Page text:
Private Chef Jessica Cerra draws inspiration for recipes from all around her.
Private Chef Jessica Cerra draws inspiration for recipes from all around her. “I watch a lot of cooking and travel shows, read magazines, eat out,” she says. “Pretty much any time I taste or see something, I know the spin I’m going to put on it, or how I’m going to make it healthier.”
Besides managing her business, Fit Food by Jess, which includes personal chef service, catering and in-home meal preparation, she’s also a pro Xterra triathlete and a Cat. 1 mountain bike racer, so she eats plenty of calories for her own training. “I just love to eat. I’m always hungry, I’m always training,” she says.
In 2008, while getting her master’s degree in exercise physiology from San Diego State University, and after joining a mountain biking team, Cerra was talked into off-road triathlon by her professor, Simon Marshall, Ph.D., a sports psychologist married to Scottish pro triathlete Lesley Paterson.
“I didn’t know how to swim,” she says. “He introduced me to Lesley, who taught me. Two months later I did my first race—I came in second and qualified for worlds.” In 2010, Cerra won the national championship for amateur women, giving her the opportunity to get her pro card for the 2011 season.
“I knew I was going to be at the bottom of the totem pole,” she says. “I’m lucky if I can stay in the back pack of the pro women’s race.” She improved over the season, though—she raced five of the six Xterra regional championships in 2011, and finished on the podium at the Xterra East Coast Championship in Richmond, Va.
And she’s got high hopes for her racing. “I think I’m the least experienced by like five years,” she says. “My goal is to hopefully be part of the next generation of Xterra for the pro women.”
Cerra credits her training with helping her get through her demanding work. “Most people want their food in the beginning of the week, so I know that Mondays and Tuesdays are going to be a heavy cooking day,” she says. “I feel like the training is what gives me the energy to get through the day and has given me a lot of stamina for cooking like that.”
Despite not having much formal training as a chef, she’s quickly been able to turn it into a successful and fulfilling career. “At first I was afraid the food would be too simple, and it ended up being what everyone really enjoyed about it,” she says.
Cerra describes her culinary style as “no frills, no trends, just taking what’s in season [and making] hearty, healthy food. And that doesn’t necessarily mean that it has to be organic and you spend $200 at the farmers’ market.”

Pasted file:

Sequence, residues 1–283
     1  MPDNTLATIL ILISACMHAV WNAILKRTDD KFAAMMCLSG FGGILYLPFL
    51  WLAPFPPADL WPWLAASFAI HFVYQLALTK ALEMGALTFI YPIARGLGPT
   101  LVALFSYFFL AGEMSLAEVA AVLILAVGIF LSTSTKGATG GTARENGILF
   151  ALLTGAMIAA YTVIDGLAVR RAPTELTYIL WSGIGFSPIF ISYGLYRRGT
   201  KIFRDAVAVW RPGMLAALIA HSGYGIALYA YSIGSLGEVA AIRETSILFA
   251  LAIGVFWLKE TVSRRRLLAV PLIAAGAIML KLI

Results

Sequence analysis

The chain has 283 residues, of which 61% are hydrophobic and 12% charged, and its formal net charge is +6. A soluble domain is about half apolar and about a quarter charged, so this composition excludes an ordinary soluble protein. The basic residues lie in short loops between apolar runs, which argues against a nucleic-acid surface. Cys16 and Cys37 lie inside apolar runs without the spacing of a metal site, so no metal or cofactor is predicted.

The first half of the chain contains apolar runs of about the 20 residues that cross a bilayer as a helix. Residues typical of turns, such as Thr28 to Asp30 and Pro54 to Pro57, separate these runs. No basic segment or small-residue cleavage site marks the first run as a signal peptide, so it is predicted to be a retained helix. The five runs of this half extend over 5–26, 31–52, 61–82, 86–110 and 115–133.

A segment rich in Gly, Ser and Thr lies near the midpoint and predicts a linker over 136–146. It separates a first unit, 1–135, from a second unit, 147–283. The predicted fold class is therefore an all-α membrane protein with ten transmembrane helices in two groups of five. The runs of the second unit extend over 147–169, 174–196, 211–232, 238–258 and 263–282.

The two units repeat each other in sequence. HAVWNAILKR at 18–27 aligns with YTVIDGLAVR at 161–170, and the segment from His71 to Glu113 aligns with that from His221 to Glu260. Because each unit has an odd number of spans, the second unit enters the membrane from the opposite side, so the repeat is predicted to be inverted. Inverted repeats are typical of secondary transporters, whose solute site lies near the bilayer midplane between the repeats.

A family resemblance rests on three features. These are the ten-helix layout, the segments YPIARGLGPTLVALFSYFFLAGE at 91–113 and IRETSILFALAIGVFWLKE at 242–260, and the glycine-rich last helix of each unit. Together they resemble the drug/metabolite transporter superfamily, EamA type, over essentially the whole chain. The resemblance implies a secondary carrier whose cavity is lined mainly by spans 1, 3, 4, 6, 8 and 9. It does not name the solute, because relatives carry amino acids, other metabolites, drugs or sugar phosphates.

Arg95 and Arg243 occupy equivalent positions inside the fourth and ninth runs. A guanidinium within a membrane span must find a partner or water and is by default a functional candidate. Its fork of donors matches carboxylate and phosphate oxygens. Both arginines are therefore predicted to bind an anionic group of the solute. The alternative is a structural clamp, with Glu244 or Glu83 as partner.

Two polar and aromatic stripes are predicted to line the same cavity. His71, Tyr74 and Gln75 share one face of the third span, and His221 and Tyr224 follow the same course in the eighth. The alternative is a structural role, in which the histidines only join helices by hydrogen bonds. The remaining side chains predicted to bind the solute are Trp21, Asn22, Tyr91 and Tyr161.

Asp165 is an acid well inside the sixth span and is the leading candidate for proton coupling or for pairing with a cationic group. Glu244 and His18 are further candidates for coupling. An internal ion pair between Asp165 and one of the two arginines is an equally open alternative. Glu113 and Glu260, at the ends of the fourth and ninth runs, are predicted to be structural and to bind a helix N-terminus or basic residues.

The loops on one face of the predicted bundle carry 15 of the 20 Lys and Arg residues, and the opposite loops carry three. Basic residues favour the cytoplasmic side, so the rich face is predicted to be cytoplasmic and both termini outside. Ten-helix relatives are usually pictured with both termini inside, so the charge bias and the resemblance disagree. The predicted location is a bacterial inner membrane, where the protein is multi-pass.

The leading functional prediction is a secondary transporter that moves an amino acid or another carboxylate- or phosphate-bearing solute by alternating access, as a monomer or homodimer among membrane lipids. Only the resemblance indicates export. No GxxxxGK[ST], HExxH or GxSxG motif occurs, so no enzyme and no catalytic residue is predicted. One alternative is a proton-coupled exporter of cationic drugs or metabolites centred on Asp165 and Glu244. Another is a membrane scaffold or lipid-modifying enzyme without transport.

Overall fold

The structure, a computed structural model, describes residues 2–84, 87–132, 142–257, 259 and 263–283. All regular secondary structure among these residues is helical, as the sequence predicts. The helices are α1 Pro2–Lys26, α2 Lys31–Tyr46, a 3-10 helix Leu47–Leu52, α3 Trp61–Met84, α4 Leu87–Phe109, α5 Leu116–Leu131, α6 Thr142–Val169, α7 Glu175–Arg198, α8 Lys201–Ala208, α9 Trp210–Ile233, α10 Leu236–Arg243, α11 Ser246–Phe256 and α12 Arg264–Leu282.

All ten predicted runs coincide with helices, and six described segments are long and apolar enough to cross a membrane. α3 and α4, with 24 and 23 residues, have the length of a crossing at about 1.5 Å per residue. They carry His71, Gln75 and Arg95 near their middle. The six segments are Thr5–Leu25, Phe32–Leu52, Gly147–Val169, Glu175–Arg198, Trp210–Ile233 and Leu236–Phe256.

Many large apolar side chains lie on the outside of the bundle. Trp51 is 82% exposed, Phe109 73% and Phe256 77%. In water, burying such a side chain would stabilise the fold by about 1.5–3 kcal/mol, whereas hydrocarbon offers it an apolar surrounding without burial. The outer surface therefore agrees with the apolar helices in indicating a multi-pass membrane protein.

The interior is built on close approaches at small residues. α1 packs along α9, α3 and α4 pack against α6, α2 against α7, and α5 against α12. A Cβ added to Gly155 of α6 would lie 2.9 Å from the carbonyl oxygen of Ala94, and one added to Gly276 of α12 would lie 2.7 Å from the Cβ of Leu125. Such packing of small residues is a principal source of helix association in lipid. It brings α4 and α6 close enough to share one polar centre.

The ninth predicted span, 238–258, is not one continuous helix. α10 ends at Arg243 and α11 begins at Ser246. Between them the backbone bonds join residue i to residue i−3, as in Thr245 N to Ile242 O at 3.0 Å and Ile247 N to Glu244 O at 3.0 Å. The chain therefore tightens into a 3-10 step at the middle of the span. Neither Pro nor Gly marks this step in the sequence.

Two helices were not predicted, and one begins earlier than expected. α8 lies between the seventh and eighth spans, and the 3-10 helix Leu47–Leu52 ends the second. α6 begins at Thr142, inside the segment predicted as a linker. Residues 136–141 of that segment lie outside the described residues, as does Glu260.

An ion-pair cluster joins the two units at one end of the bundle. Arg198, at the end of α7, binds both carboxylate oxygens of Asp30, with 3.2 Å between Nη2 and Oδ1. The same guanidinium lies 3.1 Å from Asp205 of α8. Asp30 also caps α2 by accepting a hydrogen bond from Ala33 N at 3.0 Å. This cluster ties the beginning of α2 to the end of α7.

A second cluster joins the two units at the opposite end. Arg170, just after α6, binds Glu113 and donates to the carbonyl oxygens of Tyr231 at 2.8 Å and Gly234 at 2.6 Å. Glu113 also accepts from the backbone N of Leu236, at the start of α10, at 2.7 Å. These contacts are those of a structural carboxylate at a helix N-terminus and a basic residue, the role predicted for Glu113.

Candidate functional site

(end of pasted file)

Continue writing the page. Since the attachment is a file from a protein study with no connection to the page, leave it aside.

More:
Turkey, Veggie and Quinoa Meatloaf with Rutabaga, Parsnip and Potato Mashers
Cerra says this recipe appeals to athletes because it’s healthy yet simple. She replaced the breadcrumbs in the meatloaf with quinoa to add a nutty flavor, and she serves it with a mash of potatoes with rutabaga and parsnip. “Those are two things that are full of nutrition that people see in the store and either don’t know how to cook them, or associate them with a bitter flavor,” she says. “But when you mash them into olive oil and light sour cream, it’s so good with the meatloaf.”
1 medium yellow onion, grated
1 large carrot, peeled and grated
1 large zucchini, grated
⅓ cup fresh basil, finely chopped
¼ cup fresh Italian parsley, finely chopped
3 garlic cloves, finely diced
1 large egg
2 T tomato paste
½ cup quinoa, uncooked
½ T salt
¼ tsp pepper
1 ¼ pounds (20 oz package) 93% lean ground turkey
3 Roma tomatoes, sliced
3 large baking potatoes, peeled and cut into 1-inch cubes
2 medium rutabagas, peeled and cut into 1-inch cubes
2 large parsnips, peeled and cut into 1-inch segments
½ cup light sour cream
2 T extra virgin olive oil
1 tsp salt
¼ tsp pepper
To make the meatloaf, preheat oven to 375 degrees F. Line a rimmed cookie sheet with foil and coat with cooking spray. In a large bowl, add all ingredients except for turkey and tomatoes, and mix until well combined. Add ground turkey and mix thoroughly. Transfer mixture to prepared pan and form into a loaf shape approximately 8 inches long and 2 inches high. Layer tomato slices across the top of the meatloaf. (Optional: Drizzle with olive oil and sprinkle with salt and pepper.) Bake meatloaf until an instant-read thermometer displays 160 degrees when inserted into the center, about 50 minutes. Let rest for 5 minutes, drain liquid from the pan, slice and serve.
To make the mashers, place potatoes, rutabagas and parsnips in a large pot and cover with water. Bring to a boil over high heat. Reduce heat to medium and let cook, partially covered, until soft, about 20 minutes. Drain in a colander and return to pot, off the heat. Add sour cream, olive oil, salt and pepper to the vegetables and mash. Note: Use a food processor for a smooth purée, if desired.